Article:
Take advantage of your four years

When I was a first-year, I always thought editorials like this one were clichÈd and unnecessary. But given that I completely ignored them and now wish that I didnít, I may as well give it a go.

As I approached senior year, there is one statement I remember saying over and over: ìIíll give that a try when I have some more time.” This was applicable to all sorts of things: going out to more parties, taking on another job for the resumÈ, trying a new intramural sport and the like. In some cases, I was fascinated enough to make time. But in many cases, I was tempted, but overall decided to put it off until a later date that was never determined.

I only now realize just how many times I found myself capable of making time when I thought I had none earlier. Really, weíre always going to feel stressed and busy ó itís college. Rare is the occasion when weíre not busy with something. Looking back now, it seems like some of the best decisions I made here involved ignoring how little time I had and going for it anyway. So why didnít I do that more often? I sure should have.

Donít get me wrong, I love every minute of my college experience, and sometimes I still surprise myself with how much Iíve done since I first moved into the Annex freshman year. But no matter how much youíve already done, when youíre a senior you start to think about just how much extra time you really did† have, and how much you wasted.

I worked so many jobs sophomore year that I usually went back to my room too burned out to do anything, leading to an uneventful night checking Facebook for the millionth time, giving my homework a half-hearted attempt and going to bed early. It always felt like a good and necessary idea at the time, like I deserved a break. But all those Facebook minutes add up, and now they just seem silly.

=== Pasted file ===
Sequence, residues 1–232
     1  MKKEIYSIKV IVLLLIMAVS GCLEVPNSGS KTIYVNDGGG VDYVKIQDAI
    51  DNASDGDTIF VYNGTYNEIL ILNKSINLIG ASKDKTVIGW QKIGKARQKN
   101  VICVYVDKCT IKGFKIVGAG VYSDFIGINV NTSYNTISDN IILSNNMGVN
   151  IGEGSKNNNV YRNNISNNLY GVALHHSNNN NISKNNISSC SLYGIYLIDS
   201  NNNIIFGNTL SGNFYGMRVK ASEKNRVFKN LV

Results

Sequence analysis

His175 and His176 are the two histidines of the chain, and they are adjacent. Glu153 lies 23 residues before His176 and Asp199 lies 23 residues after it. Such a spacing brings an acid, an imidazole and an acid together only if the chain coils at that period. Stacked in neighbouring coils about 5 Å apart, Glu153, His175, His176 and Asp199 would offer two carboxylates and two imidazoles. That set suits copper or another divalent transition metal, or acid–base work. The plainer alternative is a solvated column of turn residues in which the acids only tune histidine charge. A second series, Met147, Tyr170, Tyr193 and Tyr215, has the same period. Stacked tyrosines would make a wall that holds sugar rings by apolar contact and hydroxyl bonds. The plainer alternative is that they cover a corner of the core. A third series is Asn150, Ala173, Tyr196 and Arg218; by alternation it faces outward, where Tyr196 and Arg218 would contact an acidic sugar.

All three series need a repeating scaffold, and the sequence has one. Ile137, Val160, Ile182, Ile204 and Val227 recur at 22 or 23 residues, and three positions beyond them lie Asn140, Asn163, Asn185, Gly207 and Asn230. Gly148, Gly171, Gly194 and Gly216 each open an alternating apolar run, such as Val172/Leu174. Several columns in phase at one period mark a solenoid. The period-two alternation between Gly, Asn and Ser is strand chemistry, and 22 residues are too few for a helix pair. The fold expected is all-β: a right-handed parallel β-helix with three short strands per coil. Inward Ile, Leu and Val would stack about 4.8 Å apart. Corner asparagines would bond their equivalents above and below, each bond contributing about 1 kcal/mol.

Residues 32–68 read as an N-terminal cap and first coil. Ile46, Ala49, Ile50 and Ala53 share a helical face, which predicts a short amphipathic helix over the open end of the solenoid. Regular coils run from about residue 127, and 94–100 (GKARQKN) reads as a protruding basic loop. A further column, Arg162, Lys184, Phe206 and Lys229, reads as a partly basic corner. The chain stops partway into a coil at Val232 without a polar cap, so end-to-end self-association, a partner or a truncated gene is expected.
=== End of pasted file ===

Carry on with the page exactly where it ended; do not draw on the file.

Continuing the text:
Half of us are so worn out that we assume we canít do any more, the other half always joke about how there’s nothing to around here ó both of which are just flat out not true. Most of us are just too lazy to go looking for excitement. Thereís always a party or a job or a competition waiting for us if we really want there to be.

So for the seniors with one year left, and the underclassmen with plenty of time, thatís my advice: push the limit just a little more. Go spend a night at that UG place everyone talks about. Apply for those crazy internships. Weíve got our whole lives to read books, sit on Facebook and stay in for the night. But how many times will we be in college? How much longer will we have before we have to pay for this kind of fun?

Calvin once said this to Hobbes while riding his little red wagon: ìIn the short term, it would make me happy to go play outside. In the long term, it would make me happier to do well at school and become successful. But in the very long term, I know which will make better memories.”

I feel like, had I read that four years ago rather than four minutes ago while procrastinating homework, I may have pushed myself a little more here.